Matthew Aaron Rowland was stripped of his assets, except a Rolex watch, and gold chain and bracelet. (File photo)
A previously single-minded drug dealer, stripped of assets worth an estimated $1.75 million, has left prison promising to live a more “balanced lifestyle”.
Matthew Aaron Rowland, 30, imported about 17.3kg of the class C drug N-Ethylpentylone – sometimes called brown sugar – with a estimated street value of at least $1.75 million.
Rowland was sentenced to four years and six months’ jail in September 2018, and the Parole Board recently approved his release.
Late last year, the High Court in Wellington approved a settlement of police action to strip Rowland of the many assets he bought with his drug money.
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Rowland’s cryptocurrency investment was the first of its kind seized by the New Zealand police asset recovery unit. His real estate assets included four houses in the United Kingdom.
While he agreed he had to lose six houses, four cars, two Harley-Davidson motorbikes, and $712,000, his sentimental attachment to a Rolex watch, gold necklace and bracelet survived the police attempts to seize them.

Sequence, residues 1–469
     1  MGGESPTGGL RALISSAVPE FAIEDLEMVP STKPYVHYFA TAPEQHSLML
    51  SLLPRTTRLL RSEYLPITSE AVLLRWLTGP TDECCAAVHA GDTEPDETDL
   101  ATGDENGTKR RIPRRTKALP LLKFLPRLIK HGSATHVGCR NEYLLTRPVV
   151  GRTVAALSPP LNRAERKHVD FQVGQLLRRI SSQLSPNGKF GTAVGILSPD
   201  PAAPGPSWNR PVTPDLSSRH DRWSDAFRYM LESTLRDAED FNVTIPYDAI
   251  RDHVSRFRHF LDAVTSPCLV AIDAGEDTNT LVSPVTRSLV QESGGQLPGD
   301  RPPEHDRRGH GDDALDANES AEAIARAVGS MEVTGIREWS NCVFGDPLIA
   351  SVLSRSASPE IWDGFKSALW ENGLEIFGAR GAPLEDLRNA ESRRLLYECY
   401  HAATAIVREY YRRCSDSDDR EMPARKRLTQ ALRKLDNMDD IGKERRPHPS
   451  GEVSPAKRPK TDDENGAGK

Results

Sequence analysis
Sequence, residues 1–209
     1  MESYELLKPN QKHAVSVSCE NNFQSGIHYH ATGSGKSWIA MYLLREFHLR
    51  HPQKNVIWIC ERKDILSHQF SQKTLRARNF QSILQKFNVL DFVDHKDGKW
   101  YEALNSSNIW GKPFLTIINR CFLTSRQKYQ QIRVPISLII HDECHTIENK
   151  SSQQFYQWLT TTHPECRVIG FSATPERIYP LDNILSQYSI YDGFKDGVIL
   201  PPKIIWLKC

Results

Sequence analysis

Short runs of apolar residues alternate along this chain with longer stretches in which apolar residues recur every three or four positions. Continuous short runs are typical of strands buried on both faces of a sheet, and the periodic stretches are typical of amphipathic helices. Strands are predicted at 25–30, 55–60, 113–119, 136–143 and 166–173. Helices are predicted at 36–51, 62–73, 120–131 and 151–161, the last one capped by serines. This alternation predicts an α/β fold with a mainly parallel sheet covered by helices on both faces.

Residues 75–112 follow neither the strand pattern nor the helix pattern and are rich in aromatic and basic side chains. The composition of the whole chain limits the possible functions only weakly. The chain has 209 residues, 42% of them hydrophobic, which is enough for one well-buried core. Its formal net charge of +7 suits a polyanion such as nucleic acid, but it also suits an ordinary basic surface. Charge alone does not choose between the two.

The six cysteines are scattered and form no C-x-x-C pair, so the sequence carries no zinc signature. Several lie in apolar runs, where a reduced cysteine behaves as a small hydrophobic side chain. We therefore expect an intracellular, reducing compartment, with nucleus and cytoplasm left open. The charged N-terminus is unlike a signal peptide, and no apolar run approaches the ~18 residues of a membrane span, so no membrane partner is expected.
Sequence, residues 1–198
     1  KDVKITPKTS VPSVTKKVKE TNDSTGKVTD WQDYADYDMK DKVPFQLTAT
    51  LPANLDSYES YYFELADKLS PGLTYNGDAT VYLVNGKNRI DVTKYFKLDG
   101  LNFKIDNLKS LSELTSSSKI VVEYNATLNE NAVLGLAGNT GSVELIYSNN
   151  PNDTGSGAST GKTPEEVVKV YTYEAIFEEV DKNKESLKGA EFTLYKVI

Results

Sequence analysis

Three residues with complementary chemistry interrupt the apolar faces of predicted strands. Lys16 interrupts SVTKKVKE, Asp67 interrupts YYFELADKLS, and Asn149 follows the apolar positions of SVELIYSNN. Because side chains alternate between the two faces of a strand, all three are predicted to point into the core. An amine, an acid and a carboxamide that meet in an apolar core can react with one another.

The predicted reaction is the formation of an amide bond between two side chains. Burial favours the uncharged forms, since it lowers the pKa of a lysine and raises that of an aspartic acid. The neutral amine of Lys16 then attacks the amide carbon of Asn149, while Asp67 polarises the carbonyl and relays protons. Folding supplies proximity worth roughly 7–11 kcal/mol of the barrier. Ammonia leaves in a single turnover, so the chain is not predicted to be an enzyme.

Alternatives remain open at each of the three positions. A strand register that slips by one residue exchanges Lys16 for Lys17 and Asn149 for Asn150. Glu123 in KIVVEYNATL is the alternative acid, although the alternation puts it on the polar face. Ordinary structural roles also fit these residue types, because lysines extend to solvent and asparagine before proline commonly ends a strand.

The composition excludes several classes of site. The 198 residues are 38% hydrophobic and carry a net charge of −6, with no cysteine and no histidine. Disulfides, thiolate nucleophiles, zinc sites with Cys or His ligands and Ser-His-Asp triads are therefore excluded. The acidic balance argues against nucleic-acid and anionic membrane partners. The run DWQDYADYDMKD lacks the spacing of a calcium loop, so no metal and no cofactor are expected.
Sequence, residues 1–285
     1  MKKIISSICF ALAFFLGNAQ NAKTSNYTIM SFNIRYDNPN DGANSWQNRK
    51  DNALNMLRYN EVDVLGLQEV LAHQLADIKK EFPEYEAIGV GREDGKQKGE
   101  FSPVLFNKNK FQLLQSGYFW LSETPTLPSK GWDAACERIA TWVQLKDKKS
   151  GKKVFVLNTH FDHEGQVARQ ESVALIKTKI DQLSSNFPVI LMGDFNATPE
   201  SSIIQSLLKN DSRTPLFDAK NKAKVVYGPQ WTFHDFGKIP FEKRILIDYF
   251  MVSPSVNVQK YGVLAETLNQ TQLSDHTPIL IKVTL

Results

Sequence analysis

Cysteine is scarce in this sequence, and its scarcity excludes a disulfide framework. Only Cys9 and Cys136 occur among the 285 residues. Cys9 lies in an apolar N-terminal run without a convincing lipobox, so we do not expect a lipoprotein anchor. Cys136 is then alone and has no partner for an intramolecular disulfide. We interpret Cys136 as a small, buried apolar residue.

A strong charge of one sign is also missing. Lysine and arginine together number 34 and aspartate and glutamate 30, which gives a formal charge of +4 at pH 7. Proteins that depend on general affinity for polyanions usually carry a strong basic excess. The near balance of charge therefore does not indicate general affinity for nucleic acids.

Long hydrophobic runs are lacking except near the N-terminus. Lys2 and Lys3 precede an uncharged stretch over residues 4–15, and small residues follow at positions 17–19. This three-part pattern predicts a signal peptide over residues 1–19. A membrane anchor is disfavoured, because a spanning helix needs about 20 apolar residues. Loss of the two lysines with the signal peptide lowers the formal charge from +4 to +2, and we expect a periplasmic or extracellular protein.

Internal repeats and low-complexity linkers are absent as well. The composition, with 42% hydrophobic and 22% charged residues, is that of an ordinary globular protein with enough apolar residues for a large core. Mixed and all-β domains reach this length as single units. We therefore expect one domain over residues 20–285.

Rowland was wearing the bracelet and necklace when he was caught, and the Rolex was at home. The jewellery was valued at about $24,000.
Rowland had nearly $2000 on him when he was arrested, plus $13,000 at his home in Aotea, Porirua. A further $250,000 was in a storage locker in Porirua, and another $155,000 was in a storage locker in Upper Hutt.
While he had just $3781.91 in a New Zealand bank account, he had £127,630.52 (about $258,500) spread among three UK bank accounts.
Together the cash and bank account totals added up to $712,000.
The Parole Board granted Rowland’s release recently at his first attempt to leave prison, after serving one-third of his sentence.
Rowland was said to have suffered a significant, but unspecified, health scare as a result of his substance abuse, the board said in its decision. He was now committed to abstinence.
Rowland had talked to the board about how he used to be obsessed with single goals, but now “understood and practiced the discipline of a balanced lifestyle”.
Rowland had a very limited criminal record, and had done a drug treatment programme and rehabilitation programme while in prison.
He had been a trusted worker inside prison with a job at the staff college, and arranged a strong support network for after his release.
The board said any risk to the safety of the community could be managed by parole conditions that included drug and alcohol testing.